Deeper Meanings Page 2

The book's central theme, the relationship between science and human values, is particularly appropriate to the chasm that exists between those who pursue musical truth by listening and those who pursue it through measurement. The goals of both are the same, but the underlying modes of thought are very different. In addition, the entire 412 pages of Zen could be considered an answer to Dr. Lipshitz's question: "Ah, but how do you know what is good?"

I have more than a passing interest in this question. A large part of my job—indeed, of my life—is to decide what is good and what is not good in audio reproduction. My judgments carry substantial commercial implications for the companies whose products I review. More important, my overriding mission is to steer you, the reader, toward components that are good and away from those that are not so good. In addition, my continued success as a reviewer is predicated on the accuracy of my value judgments. Clearly it is a responsibility not to be taken lightly. Thus the question: "How do you know what is good?," besides being of fundamental philosophic importance, has immediate, practical significance for me and, indeed, for the entire foundation of subjective audio reviewing. It is just this question that Zen and the Art of Motorcycle Maintenance resolves with profound insights into the real nature of science. I must add that the ideas expressed in this essay, far from being my own, are taken directly from Zen and the Art of Motorcycle Maintenance. I take no credit for them other than their application here to the conflict existing in the audio community.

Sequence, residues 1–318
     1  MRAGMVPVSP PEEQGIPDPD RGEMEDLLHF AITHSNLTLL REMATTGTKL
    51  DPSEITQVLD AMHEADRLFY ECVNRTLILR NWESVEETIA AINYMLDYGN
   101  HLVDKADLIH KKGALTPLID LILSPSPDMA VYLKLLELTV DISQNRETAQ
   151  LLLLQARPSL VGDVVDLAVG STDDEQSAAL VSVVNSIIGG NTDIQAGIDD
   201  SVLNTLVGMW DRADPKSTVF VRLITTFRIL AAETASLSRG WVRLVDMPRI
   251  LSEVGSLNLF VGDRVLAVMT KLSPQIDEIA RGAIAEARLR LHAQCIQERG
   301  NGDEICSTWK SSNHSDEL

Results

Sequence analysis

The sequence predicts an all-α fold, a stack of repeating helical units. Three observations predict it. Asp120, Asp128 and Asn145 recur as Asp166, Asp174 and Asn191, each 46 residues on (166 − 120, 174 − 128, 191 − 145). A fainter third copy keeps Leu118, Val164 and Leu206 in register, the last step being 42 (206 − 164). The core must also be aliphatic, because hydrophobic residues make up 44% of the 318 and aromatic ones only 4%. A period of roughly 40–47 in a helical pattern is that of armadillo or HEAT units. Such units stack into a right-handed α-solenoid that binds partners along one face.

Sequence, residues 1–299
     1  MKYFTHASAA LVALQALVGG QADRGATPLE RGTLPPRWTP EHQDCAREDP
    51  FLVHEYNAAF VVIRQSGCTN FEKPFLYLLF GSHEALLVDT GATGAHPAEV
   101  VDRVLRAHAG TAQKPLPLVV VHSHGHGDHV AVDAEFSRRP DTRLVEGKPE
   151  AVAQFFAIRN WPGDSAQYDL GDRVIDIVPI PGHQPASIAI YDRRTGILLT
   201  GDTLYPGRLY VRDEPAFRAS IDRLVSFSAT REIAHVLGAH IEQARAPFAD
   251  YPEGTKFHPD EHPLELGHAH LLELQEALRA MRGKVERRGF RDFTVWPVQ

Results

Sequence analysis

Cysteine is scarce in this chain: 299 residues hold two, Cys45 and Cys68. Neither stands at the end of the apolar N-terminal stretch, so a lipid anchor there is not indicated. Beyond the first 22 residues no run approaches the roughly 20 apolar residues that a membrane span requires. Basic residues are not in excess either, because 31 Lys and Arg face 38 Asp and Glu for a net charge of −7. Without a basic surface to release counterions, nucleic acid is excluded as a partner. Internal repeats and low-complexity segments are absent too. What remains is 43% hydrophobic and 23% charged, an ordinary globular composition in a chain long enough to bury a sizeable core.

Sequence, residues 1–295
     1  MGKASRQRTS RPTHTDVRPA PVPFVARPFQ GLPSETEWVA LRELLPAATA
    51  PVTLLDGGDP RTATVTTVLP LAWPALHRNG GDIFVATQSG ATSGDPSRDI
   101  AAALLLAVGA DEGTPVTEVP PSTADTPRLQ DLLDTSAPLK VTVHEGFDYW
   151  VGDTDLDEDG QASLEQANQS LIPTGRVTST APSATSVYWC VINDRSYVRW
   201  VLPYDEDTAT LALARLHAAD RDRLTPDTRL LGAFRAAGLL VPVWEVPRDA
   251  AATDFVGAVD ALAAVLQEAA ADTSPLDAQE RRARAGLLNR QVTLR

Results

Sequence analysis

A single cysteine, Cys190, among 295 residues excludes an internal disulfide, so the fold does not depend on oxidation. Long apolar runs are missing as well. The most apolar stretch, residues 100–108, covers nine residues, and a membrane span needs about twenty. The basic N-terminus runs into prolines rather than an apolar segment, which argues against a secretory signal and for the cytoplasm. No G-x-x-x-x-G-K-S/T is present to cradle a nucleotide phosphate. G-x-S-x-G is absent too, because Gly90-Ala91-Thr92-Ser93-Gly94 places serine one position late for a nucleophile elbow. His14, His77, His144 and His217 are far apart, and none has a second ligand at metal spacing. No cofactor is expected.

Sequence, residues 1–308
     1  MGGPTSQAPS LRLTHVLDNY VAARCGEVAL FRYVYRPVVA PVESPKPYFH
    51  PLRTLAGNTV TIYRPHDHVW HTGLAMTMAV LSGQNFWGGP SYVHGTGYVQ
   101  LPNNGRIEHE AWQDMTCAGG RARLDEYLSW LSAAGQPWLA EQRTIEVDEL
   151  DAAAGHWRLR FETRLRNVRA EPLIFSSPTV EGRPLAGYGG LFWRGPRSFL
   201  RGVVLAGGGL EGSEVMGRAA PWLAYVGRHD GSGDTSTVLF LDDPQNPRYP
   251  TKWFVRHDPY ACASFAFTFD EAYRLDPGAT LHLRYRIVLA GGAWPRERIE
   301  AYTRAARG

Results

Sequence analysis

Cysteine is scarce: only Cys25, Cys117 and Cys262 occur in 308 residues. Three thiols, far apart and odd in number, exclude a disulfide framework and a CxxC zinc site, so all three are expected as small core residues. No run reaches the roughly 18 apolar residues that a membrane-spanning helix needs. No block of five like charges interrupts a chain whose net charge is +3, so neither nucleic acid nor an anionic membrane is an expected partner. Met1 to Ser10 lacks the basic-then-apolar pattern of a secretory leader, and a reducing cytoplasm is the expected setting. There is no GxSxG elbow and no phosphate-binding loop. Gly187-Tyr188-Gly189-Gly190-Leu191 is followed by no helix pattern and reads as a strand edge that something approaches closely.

Let's take a closer look at how the audiophile judges quality in music reproduction (Dr. Lipshitz's "what is good?") and the audio engineering establishment's view of this process.

During the evaluation of audio components, I have frequently had the experience of switching a component in the playback system and, with the same piece of music, having a profoundly different musical perception. Where I had thought that, yes, the sound was good, after switching a component something very powerful happens. Suddenly I am more involved in the performance. My concentration is focused, not distracted by peripheral thoughts. There is an uncontrollable urge to tap my foot. There is a physical connection between my body and the energy of the performance. The "groove" established between bass player and drummer locks in. During an improvised solo I feel as though I am riding the edge of discovery with the musician, following the twists and turns with exhilaration and delight at where he or she is taking me. I am completely immersed in the music and removed from my surroundings.

The fact that the same music could produce such different experiences when a single component in the playback system is changed is a very powerful indicator of that component's quality. It is just this intimacy (or lack of it) with the music that distinguishes a good component from a great one. To reject this experience and dismiss it as "merely" subjective is to ignore the most important indicator of a product's worth that "objective" measurements will never reveal.

The superficial goal of good audio engineering practice is to provide wide bandwidth, low distortion, high signal/noise ratio, etc. In other words, good measurements. The real goal of good audio engineering is to provide a musical experience like the one I just described. It is a fundamental and tragic error to mistake the superficial goal for the real goal. Furthermore, it is commonly assumed by the audio engineering community that by achieving the superficial goal (good specs) the real goal (musical enjoyment) is an automatic consequence.